that just received a prenatal diagnosis of Down syndrome and their doctor has given them six whole days to make a decision about termination. The baby's grandmother contacted the Indiana DADS group by email, and we have been providing information and support to her, to pass on to her son and daughter-in-law. I also gave her a copy of my chapter " Its Better Than Good" that is contained in the Gifts book and offered to send her a copy of the book. As I said in my chapter, I was once one of "them"- The ones that didn't "get it". I wish I could allow this family to fast forward to see the Gifts, the Joy, the Wonder, and the "typicality" of having a child with Down syndrome.
Prenatal test can't measure the value of a human life Christine Fraizer Salt Lake Tribune Article Last Updated:01/06/2007 01:52:59 PM MST
The prenatal test that doctors are recommending to detect Down syndrome has me running horrified to the keyboard. My son has Down syndrome and I am afraid the tests, which doctors want all pregnant women to take, will end the lives of individuals before they begin. And it's all out of fear. This is not a pro-choice, anti-abortion issue to me. I am fairly liberal in my thinking and would never condemn a woman for her choice to end a pregnancy. This is about my love for my son and the way some may perceive him. I never had a prenatal test, since I was barely 28 when August was conceived. There were no indicators that anything could go but normally for the pregnancy. I was young, healthy and had no family history that would suggest a genetic anomaly. I was also a long-distance runner, ate spinach, didn't smoke or drink and kept every single prenatal appointment. An ultrasound at 28 weeks showed short limbs for his gestational age, but that wasn't a red flag for further tests. So, yeah, when he was born and the doctor pronounced the verdict - Down syndrome - it was a diagnosis that shocked me and my extended family. I was raised Roman Catholic, and we received more Mass cards after his birth than one would expect following a death in a family. I knew nothing about Down syndrome except those fear-provoking characteristics even current articles often predict: mental retardation; a broad, flat face and small head; and, often, serious heart defects. It was a dismal period, to say the least. Nearly 20 years have since passed and I've come to learn some fairly profound lessons about life and what it means to be human. August has pushed me into seeing a world that I, too, feared those many years ago. Now, I don't want to give the impression that August's loss is my gain. It is terribly hard to raise a child with a disability and not because of how it affects my life directly. This is about August and the things I project are missing. I could go into my biases about the way society treats people with disabilities, but it's enough to say that August will not have the same opportunities for friendship, lifelong companionship, jobs or housing that those without a physical or cognitive disability tend to take for granted. Those are the losses - August's losses - that hurt. But that doesn't mean August's life is any less important, or that there isn't a life here for him. He's a valuable human being, a unique individual and one of the best Bryan Adams imitators you will ever meet. He goes to school and he is learning job skills. He is the acolyte in popular demand at the Episcopal church we attend. Does he like what he sees in the mirror? You bet he does. And that's why these prenatal tests have me worried. To not know August would be a far greater tragedy. He is my son and I could not have asked for a finer human being. I look into his eyes and see the depth of my love for him and the trust he places in me, an equally fragile and vulnerable human being. He's much more than a prenatal test could suggest, no matter what a doctor recommends. ---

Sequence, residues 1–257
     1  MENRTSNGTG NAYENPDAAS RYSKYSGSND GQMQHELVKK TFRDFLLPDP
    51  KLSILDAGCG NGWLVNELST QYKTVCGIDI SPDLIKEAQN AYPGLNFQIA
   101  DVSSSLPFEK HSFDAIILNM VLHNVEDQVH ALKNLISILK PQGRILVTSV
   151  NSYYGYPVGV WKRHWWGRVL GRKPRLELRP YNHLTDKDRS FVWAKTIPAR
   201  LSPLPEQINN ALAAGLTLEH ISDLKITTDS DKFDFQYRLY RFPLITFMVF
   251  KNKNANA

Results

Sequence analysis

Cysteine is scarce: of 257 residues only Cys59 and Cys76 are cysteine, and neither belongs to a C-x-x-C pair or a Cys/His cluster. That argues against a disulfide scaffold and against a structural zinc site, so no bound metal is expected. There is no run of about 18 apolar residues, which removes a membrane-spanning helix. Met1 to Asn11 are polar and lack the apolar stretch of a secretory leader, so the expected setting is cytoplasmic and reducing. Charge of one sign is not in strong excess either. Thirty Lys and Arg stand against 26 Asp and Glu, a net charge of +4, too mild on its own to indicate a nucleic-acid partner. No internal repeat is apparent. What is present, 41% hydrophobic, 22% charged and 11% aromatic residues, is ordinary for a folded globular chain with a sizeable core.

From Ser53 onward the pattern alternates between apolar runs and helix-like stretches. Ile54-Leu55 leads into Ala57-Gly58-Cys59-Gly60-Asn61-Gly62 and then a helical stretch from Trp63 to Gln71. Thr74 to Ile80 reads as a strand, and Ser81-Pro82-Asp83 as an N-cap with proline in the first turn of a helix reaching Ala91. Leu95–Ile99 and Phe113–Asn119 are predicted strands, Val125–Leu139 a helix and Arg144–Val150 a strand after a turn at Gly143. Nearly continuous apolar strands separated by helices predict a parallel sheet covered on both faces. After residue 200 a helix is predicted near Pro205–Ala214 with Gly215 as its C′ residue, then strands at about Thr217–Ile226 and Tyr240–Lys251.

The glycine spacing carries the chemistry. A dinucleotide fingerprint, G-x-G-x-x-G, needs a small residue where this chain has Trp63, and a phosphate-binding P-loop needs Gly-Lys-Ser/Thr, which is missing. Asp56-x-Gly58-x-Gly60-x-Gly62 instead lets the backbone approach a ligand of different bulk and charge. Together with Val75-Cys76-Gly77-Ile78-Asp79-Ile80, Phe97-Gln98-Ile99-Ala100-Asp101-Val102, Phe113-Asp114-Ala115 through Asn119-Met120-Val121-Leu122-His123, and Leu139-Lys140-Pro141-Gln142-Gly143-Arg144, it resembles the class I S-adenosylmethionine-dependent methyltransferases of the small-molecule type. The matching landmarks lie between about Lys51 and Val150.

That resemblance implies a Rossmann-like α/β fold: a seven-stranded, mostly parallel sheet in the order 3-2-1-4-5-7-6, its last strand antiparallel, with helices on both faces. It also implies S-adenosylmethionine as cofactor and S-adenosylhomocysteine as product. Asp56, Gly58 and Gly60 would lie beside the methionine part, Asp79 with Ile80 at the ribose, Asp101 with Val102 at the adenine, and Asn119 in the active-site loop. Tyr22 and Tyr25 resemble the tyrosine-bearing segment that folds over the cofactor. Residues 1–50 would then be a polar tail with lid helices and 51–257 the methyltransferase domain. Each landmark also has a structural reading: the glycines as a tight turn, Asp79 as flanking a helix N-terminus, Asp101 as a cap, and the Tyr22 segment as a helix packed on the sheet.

* CHRISTINE FRAIZER'S son has attended a school-to-work transition program of the Murray School District. Fraizer also writes for The Tribune's Closeup section.